A Year of Reading, Part IV: Light-ish Fiction

As they say in the fine print, results may vary. You might adore a book that I loathe. (Don’t get me started on Ulysses…) The joyous thing is that there are so many books – something for everyone! Here are four of my fiction reads from the last year. Not the best, not the worst, better than middling…

The Book Woman of Troublesome Creek: A Novel by Kim Michele Richardson

Published 2019

Kindle, 322 pages

File under: historical fiction with a (literal) kicker

There are two historical facts that figure in this novel, neither of which I’d ever heard of before. One is a rare blood condition called methemoglobinemia. The other is the 1935-1943 Kentucky Pack Horse Library Project. Their inclusion greatly buoys the story of a young woman caught in the grip of her cultural moment, as does the author’s beautifully expressed love of the book’s Kentucky setting. It’s not a challenging read and a few of the characters seem more like caricatures, but there is one absolutely memorable standout among them and that is Junia the mule. You best watch yourself around Junia, because if she doesn’t like you, watch out for the nip or a kick. Also, it’s a book about books, so what’s not to like about that? If you read and like it, you’ll be happy to know there’s a sequel: The Book Woman’s Daughter: A Novel.

The Tea Girl of Hummingbird Lane: A Novel by Lisa See

Published 2017

Audiobook read by Ruthie Ann Miles and Kimiko Glenn

14 hours 8 minutes: 400 pages

File under: Mothers, daughters and all the tea in China

I encountered author Lisa See when my book club chose The Island of Sea Women: A Novel and I thought I’d read another of her books, which seem to specialize in bringing to light the lives of female characters in islolated cultural settings. In this case it is Li-yan, who is of the Akha people, hill tribes that populate southern China as well as parts of Laos, Myanmar, Thailand and Vietnam. Li-yan Lives in Yunnan, China where her people grow Pu’er, a highly prized fermented tea.

I remain on the fence about this author – her prose style can seem almost too simplistic, yet the themes and plots of her books are complex and exhaustively researched. In this book those themes include tea, tea, and more tea, long held cultural proscriptions, mothers and daughters and the byzantine journey of international adoption. Some of the incidents and encounters in the book seem more like events you would read in a fairy tale, but See takes cover in the Akha adage of “No coincidence, no story.” This was named a “best book of 2020” by The New York Times, NPR and The New York Post.

The Searcher: A Novel by Tana French

Published 2020

Audiobook narrated by Roger Clark

14 hours 32 minutes; 463 pages

File under: it’s not all leprechauns in Ireland

Crime fiction is not my usual genre but I can see the appeal. There’s suspense and foreboding but because it’s not real, there is also an overlay of escapism. The bad guys are out there, but they’re not showing up at your front door.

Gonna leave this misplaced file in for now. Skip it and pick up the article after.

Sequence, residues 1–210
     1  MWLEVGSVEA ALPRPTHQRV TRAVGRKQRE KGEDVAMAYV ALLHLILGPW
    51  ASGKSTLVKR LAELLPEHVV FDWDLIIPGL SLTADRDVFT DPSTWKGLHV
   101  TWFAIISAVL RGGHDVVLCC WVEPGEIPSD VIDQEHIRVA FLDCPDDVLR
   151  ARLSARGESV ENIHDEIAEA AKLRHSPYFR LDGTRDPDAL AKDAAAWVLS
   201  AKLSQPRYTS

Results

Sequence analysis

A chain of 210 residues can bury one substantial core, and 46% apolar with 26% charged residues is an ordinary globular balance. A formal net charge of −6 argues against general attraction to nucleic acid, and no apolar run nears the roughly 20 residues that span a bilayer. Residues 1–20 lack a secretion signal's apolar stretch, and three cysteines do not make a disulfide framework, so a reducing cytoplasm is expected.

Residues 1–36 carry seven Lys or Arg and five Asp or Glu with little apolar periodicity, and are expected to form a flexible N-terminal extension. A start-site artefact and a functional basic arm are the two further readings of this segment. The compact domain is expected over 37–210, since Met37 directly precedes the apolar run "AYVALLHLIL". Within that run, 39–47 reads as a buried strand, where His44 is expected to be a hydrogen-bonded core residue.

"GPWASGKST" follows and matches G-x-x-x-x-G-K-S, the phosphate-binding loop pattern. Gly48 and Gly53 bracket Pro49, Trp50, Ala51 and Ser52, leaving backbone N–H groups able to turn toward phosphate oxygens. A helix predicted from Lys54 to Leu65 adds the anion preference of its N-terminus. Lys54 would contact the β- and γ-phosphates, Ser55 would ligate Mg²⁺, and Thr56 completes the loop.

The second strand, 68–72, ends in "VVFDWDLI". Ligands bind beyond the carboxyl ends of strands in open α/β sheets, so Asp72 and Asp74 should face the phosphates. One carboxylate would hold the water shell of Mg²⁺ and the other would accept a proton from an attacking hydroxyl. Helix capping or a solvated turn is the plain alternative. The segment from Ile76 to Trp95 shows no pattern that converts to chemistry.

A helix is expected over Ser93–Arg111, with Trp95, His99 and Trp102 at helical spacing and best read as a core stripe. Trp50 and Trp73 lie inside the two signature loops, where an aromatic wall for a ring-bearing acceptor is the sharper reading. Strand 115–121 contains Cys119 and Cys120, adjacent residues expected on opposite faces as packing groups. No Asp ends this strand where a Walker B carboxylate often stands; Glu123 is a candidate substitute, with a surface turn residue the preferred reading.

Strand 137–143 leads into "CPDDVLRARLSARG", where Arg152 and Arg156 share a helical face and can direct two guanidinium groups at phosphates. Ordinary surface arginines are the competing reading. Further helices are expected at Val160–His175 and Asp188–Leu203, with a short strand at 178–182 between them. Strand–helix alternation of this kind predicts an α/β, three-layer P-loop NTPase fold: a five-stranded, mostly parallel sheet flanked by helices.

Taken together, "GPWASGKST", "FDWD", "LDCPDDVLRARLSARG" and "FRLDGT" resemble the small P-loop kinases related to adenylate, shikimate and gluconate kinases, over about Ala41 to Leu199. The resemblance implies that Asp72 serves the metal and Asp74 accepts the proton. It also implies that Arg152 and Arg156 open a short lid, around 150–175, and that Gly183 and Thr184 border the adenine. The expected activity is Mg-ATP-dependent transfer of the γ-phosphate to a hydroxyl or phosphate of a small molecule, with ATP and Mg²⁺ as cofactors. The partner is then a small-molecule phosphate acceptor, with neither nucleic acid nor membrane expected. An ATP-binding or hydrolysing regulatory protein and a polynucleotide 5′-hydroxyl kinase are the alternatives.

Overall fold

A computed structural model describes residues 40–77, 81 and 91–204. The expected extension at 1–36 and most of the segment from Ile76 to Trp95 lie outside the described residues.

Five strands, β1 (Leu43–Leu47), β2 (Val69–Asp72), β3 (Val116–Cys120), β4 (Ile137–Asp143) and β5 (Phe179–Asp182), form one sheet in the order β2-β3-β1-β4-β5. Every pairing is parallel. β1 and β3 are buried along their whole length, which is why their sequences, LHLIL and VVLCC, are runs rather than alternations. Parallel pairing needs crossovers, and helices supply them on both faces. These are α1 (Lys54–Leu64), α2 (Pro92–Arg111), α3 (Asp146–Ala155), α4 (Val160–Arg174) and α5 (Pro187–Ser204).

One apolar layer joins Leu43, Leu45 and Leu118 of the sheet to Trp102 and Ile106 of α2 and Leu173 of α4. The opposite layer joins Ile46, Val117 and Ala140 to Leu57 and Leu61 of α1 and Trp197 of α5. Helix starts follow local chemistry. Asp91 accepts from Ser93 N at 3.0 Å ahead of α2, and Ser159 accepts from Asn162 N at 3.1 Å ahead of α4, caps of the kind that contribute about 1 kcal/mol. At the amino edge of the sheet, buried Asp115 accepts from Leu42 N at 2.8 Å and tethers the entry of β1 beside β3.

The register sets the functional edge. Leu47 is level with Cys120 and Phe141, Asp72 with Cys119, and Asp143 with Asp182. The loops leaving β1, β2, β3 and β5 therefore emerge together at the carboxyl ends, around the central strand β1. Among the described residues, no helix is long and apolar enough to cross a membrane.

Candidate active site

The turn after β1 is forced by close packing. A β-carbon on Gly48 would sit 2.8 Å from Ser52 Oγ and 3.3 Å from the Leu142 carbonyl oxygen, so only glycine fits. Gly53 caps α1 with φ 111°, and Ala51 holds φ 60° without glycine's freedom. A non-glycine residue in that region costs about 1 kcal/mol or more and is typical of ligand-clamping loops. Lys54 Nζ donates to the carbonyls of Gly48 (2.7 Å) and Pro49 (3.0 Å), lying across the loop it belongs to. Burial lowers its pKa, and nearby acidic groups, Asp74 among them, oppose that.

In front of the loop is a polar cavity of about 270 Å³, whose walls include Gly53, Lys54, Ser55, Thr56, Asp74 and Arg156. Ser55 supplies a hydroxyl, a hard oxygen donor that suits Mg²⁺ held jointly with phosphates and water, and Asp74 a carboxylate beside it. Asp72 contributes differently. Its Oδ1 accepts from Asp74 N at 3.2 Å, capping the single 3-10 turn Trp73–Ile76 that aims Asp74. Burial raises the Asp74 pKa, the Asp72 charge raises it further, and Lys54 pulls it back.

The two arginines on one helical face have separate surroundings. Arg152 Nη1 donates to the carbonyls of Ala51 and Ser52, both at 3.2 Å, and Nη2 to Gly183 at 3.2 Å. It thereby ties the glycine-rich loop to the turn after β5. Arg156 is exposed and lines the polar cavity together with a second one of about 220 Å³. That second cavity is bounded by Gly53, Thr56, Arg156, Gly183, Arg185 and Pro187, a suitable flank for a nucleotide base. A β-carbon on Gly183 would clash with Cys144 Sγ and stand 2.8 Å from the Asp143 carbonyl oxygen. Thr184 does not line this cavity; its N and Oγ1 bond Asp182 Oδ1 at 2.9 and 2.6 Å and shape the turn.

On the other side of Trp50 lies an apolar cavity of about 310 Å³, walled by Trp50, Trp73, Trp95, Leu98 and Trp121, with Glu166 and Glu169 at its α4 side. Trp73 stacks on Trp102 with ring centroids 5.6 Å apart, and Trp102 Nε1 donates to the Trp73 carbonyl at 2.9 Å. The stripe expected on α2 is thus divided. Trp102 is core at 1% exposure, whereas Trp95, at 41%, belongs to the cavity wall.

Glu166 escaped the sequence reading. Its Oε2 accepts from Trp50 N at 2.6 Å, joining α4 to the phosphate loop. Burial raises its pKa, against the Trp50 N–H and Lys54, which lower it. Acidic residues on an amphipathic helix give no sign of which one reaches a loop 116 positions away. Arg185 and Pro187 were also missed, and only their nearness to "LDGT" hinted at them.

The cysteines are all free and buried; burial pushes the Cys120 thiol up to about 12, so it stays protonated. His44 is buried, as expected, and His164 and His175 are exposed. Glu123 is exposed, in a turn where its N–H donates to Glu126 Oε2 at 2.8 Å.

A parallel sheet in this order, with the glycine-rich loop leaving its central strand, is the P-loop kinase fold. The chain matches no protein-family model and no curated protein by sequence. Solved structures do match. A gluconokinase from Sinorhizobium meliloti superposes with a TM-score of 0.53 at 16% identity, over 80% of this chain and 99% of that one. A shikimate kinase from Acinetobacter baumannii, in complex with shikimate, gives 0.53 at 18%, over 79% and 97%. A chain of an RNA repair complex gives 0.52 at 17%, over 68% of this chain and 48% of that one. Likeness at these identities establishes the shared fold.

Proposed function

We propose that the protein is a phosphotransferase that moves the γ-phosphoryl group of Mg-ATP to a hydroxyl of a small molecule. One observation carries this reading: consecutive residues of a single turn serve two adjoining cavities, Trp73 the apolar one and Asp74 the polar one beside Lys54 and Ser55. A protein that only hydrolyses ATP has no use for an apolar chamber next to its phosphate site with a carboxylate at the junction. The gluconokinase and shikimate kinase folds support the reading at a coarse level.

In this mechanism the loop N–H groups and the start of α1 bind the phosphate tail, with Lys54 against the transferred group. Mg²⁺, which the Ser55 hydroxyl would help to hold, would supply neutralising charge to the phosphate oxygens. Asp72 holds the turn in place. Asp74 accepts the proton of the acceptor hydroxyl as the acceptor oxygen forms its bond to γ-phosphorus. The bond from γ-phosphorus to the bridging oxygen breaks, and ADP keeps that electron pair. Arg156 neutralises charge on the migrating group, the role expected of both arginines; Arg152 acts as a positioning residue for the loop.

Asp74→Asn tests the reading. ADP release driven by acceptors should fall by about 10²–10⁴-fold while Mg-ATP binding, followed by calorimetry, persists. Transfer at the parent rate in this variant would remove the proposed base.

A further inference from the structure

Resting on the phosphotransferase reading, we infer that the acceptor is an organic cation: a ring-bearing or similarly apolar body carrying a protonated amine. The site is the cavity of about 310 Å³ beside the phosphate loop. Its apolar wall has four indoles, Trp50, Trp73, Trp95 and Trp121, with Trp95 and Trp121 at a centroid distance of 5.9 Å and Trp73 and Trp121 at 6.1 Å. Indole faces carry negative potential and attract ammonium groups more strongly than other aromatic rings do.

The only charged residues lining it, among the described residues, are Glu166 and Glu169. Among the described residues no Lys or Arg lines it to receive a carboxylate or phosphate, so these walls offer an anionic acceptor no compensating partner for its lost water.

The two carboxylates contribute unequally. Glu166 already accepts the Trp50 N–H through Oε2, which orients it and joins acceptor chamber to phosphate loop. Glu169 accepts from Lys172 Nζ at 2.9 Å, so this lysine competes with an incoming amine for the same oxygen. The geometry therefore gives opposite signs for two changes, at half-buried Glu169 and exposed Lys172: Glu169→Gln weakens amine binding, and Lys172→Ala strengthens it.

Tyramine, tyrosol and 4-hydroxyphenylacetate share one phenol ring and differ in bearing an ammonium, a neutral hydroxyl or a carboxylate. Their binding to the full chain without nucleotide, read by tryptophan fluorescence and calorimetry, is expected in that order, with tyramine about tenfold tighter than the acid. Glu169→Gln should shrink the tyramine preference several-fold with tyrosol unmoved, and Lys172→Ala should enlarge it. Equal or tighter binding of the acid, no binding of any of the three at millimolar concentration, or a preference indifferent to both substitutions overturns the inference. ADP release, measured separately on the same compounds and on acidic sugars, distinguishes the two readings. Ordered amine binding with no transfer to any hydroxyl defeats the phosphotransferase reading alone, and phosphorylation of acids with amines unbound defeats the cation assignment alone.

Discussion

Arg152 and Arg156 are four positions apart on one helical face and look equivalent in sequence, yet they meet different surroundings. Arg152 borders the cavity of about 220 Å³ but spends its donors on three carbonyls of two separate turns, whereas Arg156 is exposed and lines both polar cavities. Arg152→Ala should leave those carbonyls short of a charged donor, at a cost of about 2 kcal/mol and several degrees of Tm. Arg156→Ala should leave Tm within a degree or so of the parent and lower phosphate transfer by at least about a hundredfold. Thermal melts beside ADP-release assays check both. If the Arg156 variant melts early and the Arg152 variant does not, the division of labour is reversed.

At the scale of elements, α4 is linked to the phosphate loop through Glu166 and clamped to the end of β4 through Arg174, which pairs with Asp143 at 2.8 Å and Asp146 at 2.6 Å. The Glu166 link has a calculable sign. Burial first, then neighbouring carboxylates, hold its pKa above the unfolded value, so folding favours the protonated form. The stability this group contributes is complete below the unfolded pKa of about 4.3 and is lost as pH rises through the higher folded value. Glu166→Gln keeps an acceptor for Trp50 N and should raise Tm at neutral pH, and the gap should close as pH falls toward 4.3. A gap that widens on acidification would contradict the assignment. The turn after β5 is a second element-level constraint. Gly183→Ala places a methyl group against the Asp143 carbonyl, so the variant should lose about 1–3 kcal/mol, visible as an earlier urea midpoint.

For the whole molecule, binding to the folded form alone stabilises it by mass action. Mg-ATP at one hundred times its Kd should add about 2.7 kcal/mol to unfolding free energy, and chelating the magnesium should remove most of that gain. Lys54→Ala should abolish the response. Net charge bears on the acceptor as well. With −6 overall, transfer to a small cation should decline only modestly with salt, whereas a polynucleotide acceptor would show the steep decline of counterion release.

Tana French is considered among the best for this vein of fiction and here she introduces us to Cal Hooper, a retired Chicago cop who pulls up stakes after his divorce and moves to a rural community in western Ireland. Having chosen to work through his memories and regrets in a place where nothing seemingly happens beyond a night at the pub with the locals, Cal is unwittingly drawn into the mysterious disappearance of a local teen. It’s well written and absorbing, and was also a 2020 best books pick by the NYT/NPR/NYP triumverate.

All Passion Spent by Vita Sackville-West

Published 1931

Kindle, 192 pages

File under: Old girls just want to have fun, too.

Vita Sackville-West is best known as Virginia Woolf’s love interest, but she was an accomplished gardener on a grand scale, and an accomplished writer on a smaller scale. Wickedly brilliant like her friend, Virginia, here she pens a very witty and yet essentially poignant vignette that portrays the challenges and opportunities of advancing age.

When Lady Slane is widowed, her children – some of whom have a keen eye on her bank account – have certain expectations of what her ebbing life trajectory should hold. But Lady Slane has other ideas. “If one is not to please oneself in old age, when is one to please oneself? There is so little time left!”

She uses her time boldly and well, and even finds unexpected companionship. “…being so old it was agreeable to sit like two cats on either side of the fire warming their bones, stretching out hands so transparent as to let the pink light of the flames through them, while their conversation without effort rose or fell.”

It’s a wisp of a book. I thoroughly enjoyed it.

About polloplayer

Empty nester searching for meaning of life through the occasional chicken epiphany.
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